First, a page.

The agency responsible for regulating the ride-hailing industry in California has failed to collect consistent data on complaints of assaults, threats and harassment on Uber and Lyft rides, a San Francisco Public Press investigation found.
Ridership on BART is slowly returning at about 20% of pre-pandemic levels. Starting next week the transit agency will begin adding trains with a return to a near normal train schedule by August 30. “Civic” learns more about BART’s plans, ongoing budget problems, new trains, the homeless and how BART is prepared for a mass shooting like the one at a light rail yard in San Jose last month.
More than a year after COVID-19 shut down much of the city, the San Francisco Municipal Transportation Agency is set to resume all parking enforcement policies and phase in towing.
Advocates opposing San Francisco’s towing practices have asked for a permanent moratorium.
Hundreds of Muni workers have fallen ill with the coronavirus and two have died, said Roger Marenco, president of the Transport Workers Union Local 250A. For others, he said, the pressures of the job have only been worsened by the additional dangers posed by a global pandemic.
Public transportation has been transformed by the coronavirus pandemic. San Francisco’s Muni light rail system has been shut for months, and buses are running on core service lines only. The San Francisco Municipal Transportation Agency’s Director Jeffrey Tumlin and Director of Transit Julie Kirschbaum joined “Civic” to explain how Muni has adapted to the pandemic and some of the changes ahead.
On BART, ridership was about 13% of pre-pandemic levels in October. Since around 65% of the system’s revenue comes from fares, the drop in ridership was a major blow to operating plans, said Janice Li, who represents BART District 8 on its board of directors. The board has since passed a cost-cutting plan that covers its expenses for the first three quarters of fiscal year 2021, but the agency still faces a $33 million deficit for the fourth quarter of the fiscal year and a projected $177 million shortfall in the next fiscal year.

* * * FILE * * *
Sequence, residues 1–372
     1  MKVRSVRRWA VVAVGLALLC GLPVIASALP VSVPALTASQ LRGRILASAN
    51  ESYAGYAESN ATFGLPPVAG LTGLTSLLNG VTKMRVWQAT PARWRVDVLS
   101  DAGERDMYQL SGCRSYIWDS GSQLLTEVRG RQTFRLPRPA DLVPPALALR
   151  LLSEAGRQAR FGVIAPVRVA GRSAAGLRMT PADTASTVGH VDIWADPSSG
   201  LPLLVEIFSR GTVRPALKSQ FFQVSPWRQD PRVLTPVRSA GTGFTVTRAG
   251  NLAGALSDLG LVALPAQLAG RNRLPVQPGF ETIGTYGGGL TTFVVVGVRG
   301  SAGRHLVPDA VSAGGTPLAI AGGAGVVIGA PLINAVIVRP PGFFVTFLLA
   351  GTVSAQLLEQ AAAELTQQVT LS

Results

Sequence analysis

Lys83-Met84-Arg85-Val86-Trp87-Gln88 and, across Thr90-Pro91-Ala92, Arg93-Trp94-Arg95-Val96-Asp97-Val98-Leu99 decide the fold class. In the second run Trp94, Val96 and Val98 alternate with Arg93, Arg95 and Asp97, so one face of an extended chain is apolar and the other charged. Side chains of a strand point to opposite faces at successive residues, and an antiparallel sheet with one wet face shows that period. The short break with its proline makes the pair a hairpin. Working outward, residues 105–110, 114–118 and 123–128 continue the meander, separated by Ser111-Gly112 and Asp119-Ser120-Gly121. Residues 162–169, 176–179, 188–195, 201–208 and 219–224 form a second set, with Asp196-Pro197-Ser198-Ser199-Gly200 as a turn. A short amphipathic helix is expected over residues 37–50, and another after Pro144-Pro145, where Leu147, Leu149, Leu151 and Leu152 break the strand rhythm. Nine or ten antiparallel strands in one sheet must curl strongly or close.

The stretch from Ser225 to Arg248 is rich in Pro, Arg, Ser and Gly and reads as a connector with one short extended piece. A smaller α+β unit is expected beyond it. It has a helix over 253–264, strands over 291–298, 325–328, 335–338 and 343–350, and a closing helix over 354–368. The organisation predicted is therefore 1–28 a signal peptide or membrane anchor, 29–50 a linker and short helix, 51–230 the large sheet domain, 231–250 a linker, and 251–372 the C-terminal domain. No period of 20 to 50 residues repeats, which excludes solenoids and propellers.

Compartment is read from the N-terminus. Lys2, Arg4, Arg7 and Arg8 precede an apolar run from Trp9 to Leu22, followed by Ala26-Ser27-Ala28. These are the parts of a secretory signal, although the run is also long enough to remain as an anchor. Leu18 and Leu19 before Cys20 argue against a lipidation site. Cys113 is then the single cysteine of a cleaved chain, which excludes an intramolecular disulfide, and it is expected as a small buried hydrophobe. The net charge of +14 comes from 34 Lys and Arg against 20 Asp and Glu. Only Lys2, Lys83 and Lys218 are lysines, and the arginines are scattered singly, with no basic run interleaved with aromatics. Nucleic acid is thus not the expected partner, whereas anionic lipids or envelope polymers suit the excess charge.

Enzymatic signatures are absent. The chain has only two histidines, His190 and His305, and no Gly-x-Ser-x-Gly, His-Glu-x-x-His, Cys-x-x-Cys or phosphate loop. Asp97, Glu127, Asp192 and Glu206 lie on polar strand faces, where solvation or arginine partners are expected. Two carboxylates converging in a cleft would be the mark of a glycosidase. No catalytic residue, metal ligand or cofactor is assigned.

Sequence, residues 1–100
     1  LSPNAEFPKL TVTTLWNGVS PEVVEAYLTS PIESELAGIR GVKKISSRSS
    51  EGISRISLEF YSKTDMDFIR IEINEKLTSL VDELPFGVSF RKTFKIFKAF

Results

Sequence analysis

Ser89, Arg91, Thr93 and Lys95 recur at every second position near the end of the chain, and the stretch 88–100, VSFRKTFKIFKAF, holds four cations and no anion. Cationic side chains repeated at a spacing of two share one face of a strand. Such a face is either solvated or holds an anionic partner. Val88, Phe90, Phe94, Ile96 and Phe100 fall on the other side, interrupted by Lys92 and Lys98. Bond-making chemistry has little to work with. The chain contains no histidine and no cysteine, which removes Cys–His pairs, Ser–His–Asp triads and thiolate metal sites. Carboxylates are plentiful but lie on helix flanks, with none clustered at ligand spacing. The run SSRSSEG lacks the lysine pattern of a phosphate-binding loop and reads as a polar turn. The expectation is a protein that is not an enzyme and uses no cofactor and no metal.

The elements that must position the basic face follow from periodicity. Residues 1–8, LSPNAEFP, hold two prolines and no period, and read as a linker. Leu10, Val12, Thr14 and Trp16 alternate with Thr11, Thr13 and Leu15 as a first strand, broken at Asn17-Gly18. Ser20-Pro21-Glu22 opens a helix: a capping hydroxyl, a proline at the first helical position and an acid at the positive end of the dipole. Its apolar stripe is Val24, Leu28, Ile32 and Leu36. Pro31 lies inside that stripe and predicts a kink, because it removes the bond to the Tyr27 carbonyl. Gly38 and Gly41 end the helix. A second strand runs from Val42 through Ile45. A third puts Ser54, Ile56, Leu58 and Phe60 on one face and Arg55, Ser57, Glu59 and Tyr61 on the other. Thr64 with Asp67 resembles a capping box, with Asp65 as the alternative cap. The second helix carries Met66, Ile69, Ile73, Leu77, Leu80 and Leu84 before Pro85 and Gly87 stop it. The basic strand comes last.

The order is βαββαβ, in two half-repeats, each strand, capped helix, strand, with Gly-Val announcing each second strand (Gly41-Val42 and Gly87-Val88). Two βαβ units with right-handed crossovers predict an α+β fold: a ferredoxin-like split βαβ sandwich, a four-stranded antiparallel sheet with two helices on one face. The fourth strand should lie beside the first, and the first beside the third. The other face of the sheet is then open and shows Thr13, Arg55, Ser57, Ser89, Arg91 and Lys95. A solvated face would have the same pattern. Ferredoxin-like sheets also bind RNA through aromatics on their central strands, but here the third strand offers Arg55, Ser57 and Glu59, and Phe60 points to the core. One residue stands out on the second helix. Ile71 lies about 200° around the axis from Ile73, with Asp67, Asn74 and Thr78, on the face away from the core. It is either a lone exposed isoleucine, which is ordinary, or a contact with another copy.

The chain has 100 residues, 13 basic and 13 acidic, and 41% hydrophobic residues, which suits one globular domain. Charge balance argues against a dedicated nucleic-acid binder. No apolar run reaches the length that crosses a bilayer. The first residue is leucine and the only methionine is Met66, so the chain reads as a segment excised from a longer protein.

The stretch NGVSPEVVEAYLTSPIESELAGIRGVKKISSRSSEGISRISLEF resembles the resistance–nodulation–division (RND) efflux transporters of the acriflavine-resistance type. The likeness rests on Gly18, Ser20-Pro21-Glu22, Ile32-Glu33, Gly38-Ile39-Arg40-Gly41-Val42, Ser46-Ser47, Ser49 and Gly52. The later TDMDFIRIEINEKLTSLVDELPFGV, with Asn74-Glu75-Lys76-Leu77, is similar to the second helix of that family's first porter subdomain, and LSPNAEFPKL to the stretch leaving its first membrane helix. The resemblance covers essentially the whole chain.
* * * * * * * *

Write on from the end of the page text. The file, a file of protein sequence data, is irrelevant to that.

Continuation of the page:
Bay Area political leaders are throwing cold water on a controversial work-from-home rule proposed by the Metropolitan Transportation Commission as part of a regional climate change plan. The proposed mandate, part of a long-term sustainability initiative called Plan Bay Area 2050, would require the majority of office workplaces to ensure 60% of their employees are working from home on any given day.
Adina Levin, executive director of the nonprofit Friends of Caltrain and cofounder and advocacy director of the nonprofit Seamless Bay Area, explains how Measure RR got on the ballot and what it would enable Caltrain to do. Eric Garris, a San Francisco resident who submitted the official opposition to the measure, lays out his argument against the tax.
On Aug. 20, a state appeals court gave Uber and Lyft more time to argue their case that they shouldn’t have to abide by a California law that requires them to classify their drivers as employees, who would be entitled to unemployment, sick leave and other benefits mandated in California.
Uber and Lyft were expected to shut down service at 11:59 p.m. tonight as a court ruling forcing them to reclassify drivers as employees was set to go into effect. With just hours to spare, an appeals court judge granted the companies a reprieve. “Civic” spoke with two drivers who want employee protections.
Drivers for Uber and Lyft staged a car caravan and rally outside Uber CEO Dara Khosrowshahi’s home last week to protest their classification as contractors despite a California law, AB5, which the state says defines such drivers as employees. “It’s personal for me, it’s personal for all these drivers, because our lives are directly affected by it,” said driver Edan Alva. “My ability to pay for my son’s health insurance, my ability to put food on the table, all these drivers’ ability to exist in a balanced way, in a dignified way, where they live, is dependent on labor protections.”
Cherri Murphy. Laura Wenus / Public Press
The drivers, affiliated with groups including Gig Workers Rising and We Drive Progress, were also there to call on Uber to withdraw support for a ballot measure backed by Uber, Lyft and DoorDash that would exempt drivers for these services from AB5’s requirements. The measure, which will be on the November 2020 ballot, would also require that drivers be paid more than minimum wage and would require health care coverage for drivers who work at least 15 hours per week.